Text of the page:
Judging School Performance
By now, everyone has heard something negative about America’s public schools. They are falling behind foreign countries’; they don’t prepare kids for college or future employment; it’s the teachers’ fault; it’s the bureaucrats’ fault, reads the news.
Simply put, many schools in America need help, and now the government is making it official as it could soon label three-fourths of public schools ‘failing’ under the federal No Child Left Behind Act, according to an article in the Washington Post.
The Obama administration recently announced that it would revamp former president George W. Bush’s original education initiative.
Arne Duncan, Federal Education Secretary, believes that the school ratings system Bush put in place with the No Child Left Behind Act is in jeopardy itself because the law is no longer workable. Obama and Duncan are pushing to lighten up on the ratings system, labeling fewer schools as ‘failing,’ but cracking down hard on under-achieving schools.
Duncan said that the No Child Left Behind Act “had created dozens of ways for schools to fail and very few to help them succeed.”
Duncan and the Federal Education Department estimate that up to 82% of schools could be labeled failing, an increase from last year’s 37%.
The No Child Left Behind Act creates benchmarks for schools to rise steadily nationwide, in hopes of creating adequate education for all students. However, critics say that the law creates a blunt pass/fail approach, and the many schools labeled as “failing” are actually performing well.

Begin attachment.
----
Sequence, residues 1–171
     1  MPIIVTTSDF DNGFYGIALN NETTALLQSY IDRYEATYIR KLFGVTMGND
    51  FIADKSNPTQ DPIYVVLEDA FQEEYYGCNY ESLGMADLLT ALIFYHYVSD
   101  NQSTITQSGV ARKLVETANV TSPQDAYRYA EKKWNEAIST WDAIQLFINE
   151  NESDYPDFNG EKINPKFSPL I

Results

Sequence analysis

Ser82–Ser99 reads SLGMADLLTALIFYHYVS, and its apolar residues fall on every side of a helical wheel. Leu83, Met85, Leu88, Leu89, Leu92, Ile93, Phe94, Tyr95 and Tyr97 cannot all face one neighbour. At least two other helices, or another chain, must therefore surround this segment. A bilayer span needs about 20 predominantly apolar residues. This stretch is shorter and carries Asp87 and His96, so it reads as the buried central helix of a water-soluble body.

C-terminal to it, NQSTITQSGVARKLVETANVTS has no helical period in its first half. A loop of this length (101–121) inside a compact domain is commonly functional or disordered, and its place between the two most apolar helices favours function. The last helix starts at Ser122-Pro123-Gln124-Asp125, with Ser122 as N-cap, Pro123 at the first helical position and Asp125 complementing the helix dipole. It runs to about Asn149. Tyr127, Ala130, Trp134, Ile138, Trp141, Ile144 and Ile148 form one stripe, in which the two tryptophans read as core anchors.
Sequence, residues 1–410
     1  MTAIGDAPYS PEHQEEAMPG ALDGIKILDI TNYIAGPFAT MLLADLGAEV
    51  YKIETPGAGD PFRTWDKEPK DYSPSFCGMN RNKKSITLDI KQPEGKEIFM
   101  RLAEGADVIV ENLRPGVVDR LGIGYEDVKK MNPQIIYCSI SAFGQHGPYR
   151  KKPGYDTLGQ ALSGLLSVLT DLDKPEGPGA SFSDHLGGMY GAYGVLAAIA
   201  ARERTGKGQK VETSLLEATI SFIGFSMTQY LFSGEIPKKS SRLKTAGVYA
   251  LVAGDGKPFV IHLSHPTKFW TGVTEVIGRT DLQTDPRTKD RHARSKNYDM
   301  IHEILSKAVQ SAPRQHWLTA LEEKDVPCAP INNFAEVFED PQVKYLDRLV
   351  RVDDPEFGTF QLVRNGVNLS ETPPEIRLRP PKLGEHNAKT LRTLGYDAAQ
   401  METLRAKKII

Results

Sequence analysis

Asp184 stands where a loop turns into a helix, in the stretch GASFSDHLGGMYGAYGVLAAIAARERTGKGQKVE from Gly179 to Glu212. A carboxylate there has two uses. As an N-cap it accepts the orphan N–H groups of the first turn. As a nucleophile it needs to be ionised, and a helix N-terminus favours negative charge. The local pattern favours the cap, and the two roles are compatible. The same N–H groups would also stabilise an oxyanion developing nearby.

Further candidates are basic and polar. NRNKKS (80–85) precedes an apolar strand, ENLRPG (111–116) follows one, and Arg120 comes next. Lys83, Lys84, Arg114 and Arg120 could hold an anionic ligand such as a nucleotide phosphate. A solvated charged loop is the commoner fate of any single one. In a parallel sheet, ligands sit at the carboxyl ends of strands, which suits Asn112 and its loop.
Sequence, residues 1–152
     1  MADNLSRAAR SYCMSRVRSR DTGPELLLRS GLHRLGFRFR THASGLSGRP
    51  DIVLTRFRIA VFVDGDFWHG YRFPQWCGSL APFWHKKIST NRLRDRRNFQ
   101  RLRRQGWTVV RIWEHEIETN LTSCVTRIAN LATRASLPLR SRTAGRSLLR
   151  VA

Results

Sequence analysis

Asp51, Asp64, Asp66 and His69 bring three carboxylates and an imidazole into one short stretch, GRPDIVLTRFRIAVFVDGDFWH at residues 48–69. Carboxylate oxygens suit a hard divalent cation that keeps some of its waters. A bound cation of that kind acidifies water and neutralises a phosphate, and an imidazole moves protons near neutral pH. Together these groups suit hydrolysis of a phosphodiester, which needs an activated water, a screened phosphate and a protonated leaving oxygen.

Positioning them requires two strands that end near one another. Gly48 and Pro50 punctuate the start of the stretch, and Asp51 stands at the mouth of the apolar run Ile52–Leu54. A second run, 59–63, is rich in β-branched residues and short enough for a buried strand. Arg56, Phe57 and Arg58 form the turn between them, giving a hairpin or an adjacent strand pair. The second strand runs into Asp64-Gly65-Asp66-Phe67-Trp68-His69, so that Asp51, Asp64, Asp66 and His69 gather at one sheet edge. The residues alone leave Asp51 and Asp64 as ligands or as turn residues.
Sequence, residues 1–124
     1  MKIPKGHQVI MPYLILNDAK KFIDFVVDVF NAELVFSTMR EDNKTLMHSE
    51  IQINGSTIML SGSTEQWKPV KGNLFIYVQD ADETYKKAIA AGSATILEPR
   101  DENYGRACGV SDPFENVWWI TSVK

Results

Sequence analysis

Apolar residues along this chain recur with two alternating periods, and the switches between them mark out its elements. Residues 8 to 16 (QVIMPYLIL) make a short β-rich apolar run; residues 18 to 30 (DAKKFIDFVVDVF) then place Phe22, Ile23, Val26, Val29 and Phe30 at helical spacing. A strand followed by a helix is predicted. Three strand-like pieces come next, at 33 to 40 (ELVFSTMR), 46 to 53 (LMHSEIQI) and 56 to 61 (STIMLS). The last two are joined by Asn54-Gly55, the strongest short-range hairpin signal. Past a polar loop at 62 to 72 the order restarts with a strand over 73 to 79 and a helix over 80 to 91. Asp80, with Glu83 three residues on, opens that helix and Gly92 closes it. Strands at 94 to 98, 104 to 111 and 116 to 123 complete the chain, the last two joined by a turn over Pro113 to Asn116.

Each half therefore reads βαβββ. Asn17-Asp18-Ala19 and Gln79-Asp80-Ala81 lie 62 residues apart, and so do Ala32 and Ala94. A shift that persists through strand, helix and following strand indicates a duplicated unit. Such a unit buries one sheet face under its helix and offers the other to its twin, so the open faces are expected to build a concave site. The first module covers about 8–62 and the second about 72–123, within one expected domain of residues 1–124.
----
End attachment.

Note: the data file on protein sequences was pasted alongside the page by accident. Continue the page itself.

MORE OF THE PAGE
Under this act, schools must test students in every grade third through eighth and once in high school on reading and math skills. Those scores, combined with attendance and graduation rates, let the government determine if schools are making “adequate yearly progress” toward becoming proficient. Also, the No Child Left Behind Act set a lofty goal of a 100% proficiency rate by 2014.
Obama is planning to measure schools based on their students’ academic growth. Schools that excel will be rewarded, schools that fall in the middle would be given more flexibility to improve themselves and failing schools at the bottom will face strict federal mandates to adopt changes to improve.
The Obama administration’s efforts to revamp public education have been slowed by budget cuts; however, he hopes that threatening to label three-fourths of schools as “failing” will force lawmakers to take stronger actions to improve education.
Whether Obama’s actions are a threat or serious, they have sparked movement from both parties in Congress to create education legislature. Sen. Lamar Alexander, Republican from Tennessee and former education secretary, said he would cooperate with Democrats on the education debate, as Sen. Tom Harkin, Democrat from Iowa and chairman on the Health, Education, Labor and Pensions Committee said he wants to create a bipartisan bill before Easter.